Learning to Prepare Plant Materials for Ohlone Basketry


Linda Yamane - Posted on 27 March 2010

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On March 19 & 20, 2010 I visited Carol’s house for another weaving lesson. The weather was beautiful so this time we were happy to be able to work outside and soak up some much appreciated sun. On Friday, our Mutsun Ohlone friend Jakki was able to join us again.

I wanted us to think about our goals for this session, and we identified the following:

 

CAROL

1. To get my guidance on cleaning her sedge

2. To get my guidance on her placement of stitches

3. To teach her how to scrape & size her willow sticks

4. To transition the foundation of her coil start from a sedge bundle to 3 willow sticks

 

JAKKI

1. To learn to trim & clean sedge in preparation for weaving

2. To learn to stitch with sedge on a commercial round reed foundation

 

My goal for Anissa & Arianna was to transition them to coiling with finer material, with the idea of teaching them the skills necessary for weaving with our traditional plant materials.

After working together these two days, Carol learned that she hadn’t been trimming down her sedge enough, so her stitches weren’t lying down evenly. We also worked on making sure that her stitches are evenly spaced and that she adds stitches when necessary so that her stitches don’t slant. We were both really happy with this breakthrough! It’s going to make a big difference in the quality of her weaving.

On Saturday, we also spent part of the day working on scraping down willow sticks. Because willow shoots are tapered, it’s necessary to scrape down the broader end so that the willow rods will all have a relatively uniform diameter. I showed Carol how to use the hole in a small abalone shell as a sizing gauge. She scraped and checked the diameter over and over again, working her way down the willow shoot until even the broad end could slip through the designated sizing hole.

Before finishing, I helped her insert 3 very small willow sticks as the foundation material. Because a willow stick can’t bend tight enough to begin the very center of a coiled basket, we use a small bundle of flexible sedge material in the beginning. But the time had come to transition to willow. Later, Carol will transition to larger willow foundation sticks.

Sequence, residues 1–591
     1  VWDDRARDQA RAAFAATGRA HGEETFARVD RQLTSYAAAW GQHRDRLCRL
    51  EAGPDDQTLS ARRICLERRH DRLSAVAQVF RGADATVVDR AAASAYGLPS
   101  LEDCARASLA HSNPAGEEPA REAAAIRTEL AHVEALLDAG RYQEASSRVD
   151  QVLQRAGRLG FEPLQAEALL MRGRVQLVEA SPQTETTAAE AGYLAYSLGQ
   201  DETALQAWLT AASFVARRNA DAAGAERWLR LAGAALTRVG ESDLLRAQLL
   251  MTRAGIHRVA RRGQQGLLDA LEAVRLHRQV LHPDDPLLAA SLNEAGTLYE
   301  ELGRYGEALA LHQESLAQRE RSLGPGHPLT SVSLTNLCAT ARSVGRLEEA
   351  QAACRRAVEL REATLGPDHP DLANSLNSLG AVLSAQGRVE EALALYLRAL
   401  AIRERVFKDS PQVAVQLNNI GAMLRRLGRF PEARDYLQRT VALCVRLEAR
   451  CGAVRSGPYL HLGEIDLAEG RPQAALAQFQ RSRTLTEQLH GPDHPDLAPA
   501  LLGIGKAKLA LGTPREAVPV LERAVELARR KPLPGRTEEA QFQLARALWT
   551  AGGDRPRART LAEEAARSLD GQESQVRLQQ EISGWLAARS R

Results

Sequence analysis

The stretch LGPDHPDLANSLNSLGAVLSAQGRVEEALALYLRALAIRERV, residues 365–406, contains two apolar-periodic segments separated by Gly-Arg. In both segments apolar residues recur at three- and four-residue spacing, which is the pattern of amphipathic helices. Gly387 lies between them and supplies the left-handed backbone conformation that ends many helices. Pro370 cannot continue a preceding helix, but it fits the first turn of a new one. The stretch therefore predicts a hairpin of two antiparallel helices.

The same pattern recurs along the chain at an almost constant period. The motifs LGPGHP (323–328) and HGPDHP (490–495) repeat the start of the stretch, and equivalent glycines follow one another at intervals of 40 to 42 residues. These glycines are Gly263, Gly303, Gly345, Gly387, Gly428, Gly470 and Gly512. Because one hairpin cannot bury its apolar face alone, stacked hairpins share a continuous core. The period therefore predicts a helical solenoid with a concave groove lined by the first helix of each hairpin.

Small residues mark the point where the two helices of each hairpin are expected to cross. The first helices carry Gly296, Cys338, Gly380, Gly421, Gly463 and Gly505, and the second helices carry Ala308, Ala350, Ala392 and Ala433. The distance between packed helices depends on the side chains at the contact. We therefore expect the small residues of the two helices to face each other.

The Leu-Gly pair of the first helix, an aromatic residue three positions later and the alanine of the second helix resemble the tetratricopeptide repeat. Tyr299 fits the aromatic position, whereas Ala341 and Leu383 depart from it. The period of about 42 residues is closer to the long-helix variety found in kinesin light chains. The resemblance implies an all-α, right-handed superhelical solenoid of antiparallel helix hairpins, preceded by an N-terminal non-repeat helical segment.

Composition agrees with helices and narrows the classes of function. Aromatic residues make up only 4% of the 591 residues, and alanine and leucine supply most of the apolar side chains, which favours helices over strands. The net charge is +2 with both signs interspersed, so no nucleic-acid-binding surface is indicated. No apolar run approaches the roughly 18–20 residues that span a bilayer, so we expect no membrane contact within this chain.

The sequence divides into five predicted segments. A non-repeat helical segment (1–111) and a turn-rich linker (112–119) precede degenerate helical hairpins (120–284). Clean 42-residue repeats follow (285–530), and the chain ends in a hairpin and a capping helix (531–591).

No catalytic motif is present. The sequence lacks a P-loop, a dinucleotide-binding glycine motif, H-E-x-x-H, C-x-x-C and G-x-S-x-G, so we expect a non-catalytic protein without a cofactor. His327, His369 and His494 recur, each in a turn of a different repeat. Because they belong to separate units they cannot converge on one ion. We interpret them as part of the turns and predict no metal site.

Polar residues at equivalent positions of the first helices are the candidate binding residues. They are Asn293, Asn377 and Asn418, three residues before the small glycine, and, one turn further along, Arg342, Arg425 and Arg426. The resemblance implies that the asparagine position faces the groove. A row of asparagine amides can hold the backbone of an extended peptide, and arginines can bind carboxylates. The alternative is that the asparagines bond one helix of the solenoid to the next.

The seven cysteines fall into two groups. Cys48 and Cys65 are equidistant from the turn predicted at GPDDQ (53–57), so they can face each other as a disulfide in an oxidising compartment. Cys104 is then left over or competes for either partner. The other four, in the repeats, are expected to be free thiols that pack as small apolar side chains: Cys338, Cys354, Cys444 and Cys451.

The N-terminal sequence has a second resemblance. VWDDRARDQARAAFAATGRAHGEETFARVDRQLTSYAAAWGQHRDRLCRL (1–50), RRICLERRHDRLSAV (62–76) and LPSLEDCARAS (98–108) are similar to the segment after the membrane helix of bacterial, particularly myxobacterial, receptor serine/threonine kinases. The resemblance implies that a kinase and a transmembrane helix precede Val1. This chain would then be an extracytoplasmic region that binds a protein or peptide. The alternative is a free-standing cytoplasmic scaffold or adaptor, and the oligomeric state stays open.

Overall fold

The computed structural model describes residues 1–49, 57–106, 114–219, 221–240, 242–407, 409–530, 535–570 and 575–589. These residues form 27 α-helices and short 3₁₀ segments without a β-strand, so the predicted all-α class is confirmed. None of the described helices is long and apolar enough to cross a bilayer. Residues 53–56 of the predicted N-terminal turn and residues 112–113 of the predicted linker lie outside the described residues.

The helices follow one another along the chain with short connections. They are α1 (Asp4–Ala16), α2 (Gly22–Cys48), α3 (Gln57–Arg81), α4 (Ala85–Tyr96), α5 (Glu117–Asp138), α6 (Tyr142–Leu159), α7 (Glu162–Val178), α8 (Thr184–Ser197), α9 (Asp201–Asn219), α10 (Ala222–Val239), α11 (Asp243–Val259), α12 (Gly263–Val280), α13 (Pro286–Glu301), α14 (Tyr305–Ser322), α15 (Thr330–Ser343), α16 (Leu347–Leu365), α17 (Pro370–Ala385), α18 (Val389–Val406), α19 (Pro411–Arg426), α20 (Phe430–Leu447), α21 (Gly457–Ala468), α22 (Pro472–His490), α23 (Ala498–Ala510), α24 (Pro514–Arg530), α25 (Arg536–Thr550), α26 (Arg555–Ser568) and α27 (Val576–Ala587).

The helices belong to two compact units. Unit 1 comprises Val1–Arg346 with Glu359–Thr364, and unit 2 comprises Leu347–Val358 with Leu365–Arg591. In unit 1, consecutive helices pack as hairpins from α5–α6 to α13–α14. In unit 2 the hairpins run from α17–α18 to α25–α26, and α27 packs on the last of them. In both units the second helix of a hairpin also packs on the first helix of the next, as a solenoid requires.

Jakki spent her time learning to trim and clean sedge material to get it ready for weaving. When first learning, it’s easy to ruin the material, and this happened a few times, but it’s all part of the learning process. We all have to start from the beginning, and she did a great job. Besides trimming each strand with a knife to even out its thickness, Jakki learned to pull the strands through a small hole drilled in a piece of abalone shell to help remove the loose fibers from the surface. A lot of work and patience is required even before the weaving ever begins!

Next it was time to learn to stitch with her newly-trimmed and cleaned sedge on a commercial round “reed” foundation. I wanted Jakki to begin with this commercial foundation material because it will spare her the challenge of constantly splicing in willow sticks. She’ll have enough to manage in the beginning, just learning how to stitch properly. Later, she’ll have mastered that and can then concentrate on the additional challenge of preparing and adding willow sticks.

Because beginning a coil basket is difficult, I made a small coiled basket start at home and brought it for Jakki to begin her weaving. She was very patient and didn’t  seem to mind taking out stitches from time to time in order to get it right.

On Saturday, Anissa and Arianna dedicated the day to taking their new weaving skills to the next level. As you will remember, last month they learned to weave with pine needles and raffia. This time we graduated to smaller material, both for the foundation and the stitching material. Again, I was thrilled at how quickly both of them caught on. They stitched with a needle and black twine over a commercial round wood “reed.” All the skills they’re learning are leading them to weaving with our traditional native plant materials.

Next week Carol and the girls are coming to Monterey and we’ll go out to dig sedge roots at Fort Ord BLM (Bureau of Land Management) land. I’ll tell you all about it and share photos of this stunningly beautiful place in my next entry!

ACTA's Comment Disclaimer

It was great to see Linda's own first, feather basket since I had not seen a freshly feathered basket in my life. I attended Linda's talk near the Aptos museum about her trip to Europe to see original baskets. One word in her description was quite moving and had no intended "Proper way to speak in a true Ohlone Way" She said she had a "chance to meet" a particular basket.....a very innocent and real revelation of how alive these baskets are to her. By the way Linda, if you read this I'm trying to have visitying school kids at the Santa Cruz natural history museum sing an Ohlone song you did with the clapper stick for your presentation on another Ohlone/native american web site....the "to to a hey a" song. kids love singing it ...we have clapper sticks at the museum too for their use...but what's the meaning of the song so I can give them a larger awareness....thanks for your work....your picture hangs on the wall of the museum and when I talk about the quality of baskets I include you in the story....now I can tell them that you feel a basket is alive....and you had a chance to "meet" many of them on your journeys.

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